Director of Research Exceptional Class CNRS
Paris-Meudon Observatory, France
Athena Coustenis is an Astrophysicist, Director of Research Exceptional Class with the National Centre for Scientific Research (CNRS) of France, working at Paris Observatory in Meudon. Her specialty is Planetology (exploration and study of the Solar System from ground-based and space observations). Her research is devoted to the investigation of planetary atmospheres and surfaces, with emphasis on the outer solar system bodies, in particular icy moons like Titan and Enceladus, Saturn’s satellites, and Jupiter’s Ganymede and Europa, objects with high astrobiological potential. She also works on the characterisation of exoplanetary atmospheres. She has led many observational campaigns from the ground using large telescopes (CFHT, UKIRT, VLT, etc) and has used the Infrared Space Observatory (ISO) to conduct planetary investigations.
A. Coustenis contributes to the definition and development of space missions and to the exploitation of the acquired data. She is Co-Investigator of three of the instruments (CIRS, HASI, DISR) aboard the recently completed Cassini-Huygens space mission to Saturn and Titan, in which she was involved from the beginning of the definition phase. She analyses and interprets the spectro-imaging data recovered since 2004 using her own radiative transfer codes and other analysis tools.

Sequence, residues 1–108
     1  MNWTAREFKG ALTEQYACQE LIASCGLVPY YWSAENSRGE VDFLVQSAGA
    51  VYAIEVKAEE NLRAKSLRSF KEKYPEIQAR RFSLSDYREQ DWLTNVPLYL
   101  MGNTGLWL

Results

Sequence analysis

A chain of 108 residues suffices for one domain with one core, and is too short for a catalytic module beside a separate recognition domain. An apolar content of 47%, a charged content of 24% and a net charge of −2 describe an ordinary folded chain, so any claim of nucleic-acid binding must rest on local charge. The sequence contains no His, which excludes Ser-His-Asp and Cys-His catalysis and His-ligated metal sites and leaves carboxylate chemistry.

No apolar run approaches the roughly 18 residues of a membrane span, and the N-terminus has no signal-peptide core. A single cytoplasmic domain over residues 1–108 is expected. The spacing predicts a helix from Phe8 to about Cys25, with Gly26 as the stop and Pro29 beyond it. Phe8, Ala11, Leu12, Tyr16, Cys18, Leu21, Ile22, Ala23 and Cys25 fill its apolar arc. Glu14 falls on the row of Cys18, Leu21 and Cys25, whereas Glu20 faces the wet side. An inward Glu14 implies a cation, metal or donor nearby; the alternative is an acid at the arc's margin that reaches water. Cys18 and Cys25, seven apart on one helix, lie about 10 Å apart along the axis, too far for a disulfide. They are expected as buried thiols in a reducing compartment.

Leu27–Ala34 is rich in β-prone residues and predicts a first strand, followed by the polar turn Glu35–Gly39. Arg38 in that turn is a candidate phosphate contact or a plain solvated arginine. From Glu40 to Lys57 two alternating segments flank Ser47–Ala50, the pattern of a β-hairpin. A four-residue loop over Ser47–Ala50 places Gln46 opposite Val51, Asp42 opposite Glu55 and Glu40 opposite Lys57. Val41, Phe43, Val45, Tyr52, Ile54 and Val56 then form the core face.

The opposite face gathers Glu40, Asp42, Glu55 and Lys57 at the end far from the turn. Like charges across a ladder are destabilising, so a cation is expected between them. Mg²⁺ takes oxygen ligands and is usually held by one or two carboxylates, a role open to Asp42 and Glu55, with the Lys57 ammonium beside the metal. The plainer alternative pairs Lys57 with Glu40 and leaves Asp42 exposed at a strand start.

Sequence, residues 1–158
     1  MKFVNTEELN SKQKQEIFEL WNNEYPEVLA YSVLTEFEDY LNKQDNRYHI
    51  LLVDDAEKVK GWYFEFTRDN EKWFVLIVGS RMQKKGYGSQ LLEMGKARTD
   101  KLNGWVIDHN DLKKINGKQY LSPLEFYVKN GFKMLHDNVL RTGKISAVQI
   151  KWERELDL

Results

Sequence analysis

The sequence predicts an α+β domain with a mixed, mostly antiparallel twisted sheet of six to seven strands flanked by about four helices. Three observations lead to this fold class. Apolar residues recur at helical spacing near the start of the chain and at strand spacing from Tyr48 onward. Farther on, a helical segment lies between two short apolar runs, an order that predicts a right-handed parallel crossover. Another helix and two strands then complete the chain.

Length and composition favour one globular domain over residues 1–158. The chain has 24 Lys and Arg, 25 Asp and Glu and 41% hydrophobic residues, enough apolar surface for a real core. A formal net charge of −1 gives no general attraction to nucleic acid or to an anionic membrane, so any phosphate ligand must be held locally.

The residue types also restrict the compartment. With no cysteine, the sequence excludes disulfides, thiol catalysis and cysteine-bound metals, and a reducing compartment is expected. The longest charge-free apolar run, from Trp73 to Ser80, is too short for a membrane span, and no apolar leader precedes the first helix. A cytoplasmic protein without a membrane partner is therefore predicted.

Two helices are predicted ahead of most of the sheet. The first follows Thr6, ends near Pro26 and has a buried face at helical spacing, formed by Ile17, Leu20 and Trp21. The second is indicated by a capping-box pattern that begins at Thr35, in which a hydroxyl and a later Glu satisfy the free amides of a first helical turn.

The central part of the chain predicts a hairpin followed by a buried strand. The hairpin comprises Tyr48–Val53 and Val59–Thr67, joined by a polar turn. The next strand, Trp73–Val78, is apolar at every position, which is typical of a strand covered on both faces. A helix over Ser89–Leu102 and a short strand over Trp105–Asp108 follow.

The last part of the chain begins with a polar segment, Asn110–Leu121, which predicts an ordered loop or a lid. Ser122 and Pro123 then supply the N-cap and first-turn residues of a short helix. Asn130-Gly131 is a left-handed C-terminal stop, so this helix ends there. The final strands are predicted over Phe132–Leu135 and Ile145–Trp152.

She has contributed in or led several other proposals, studies and development phases for space missions to the outer solar system and the exoplanets. Her expertise in space missions has allowed her to Chair or to participate in several advisory groups within ESA and NASA and other European Institutions, which, among others, currently include: Chair of the European Science Foundation Space Science Committee (ESF-ESSC); Chair of the COSPAR Panel on Planetary Protection; Chair of the ESA Human Spaceflight and Exploration Science Advisory Committee (HESAC); and, Chair of the Comité d'Evaluation sur la Recherche et l'Exploration Spatiales (CERES) of the French Centre National des Etudes Spatiales (CNES).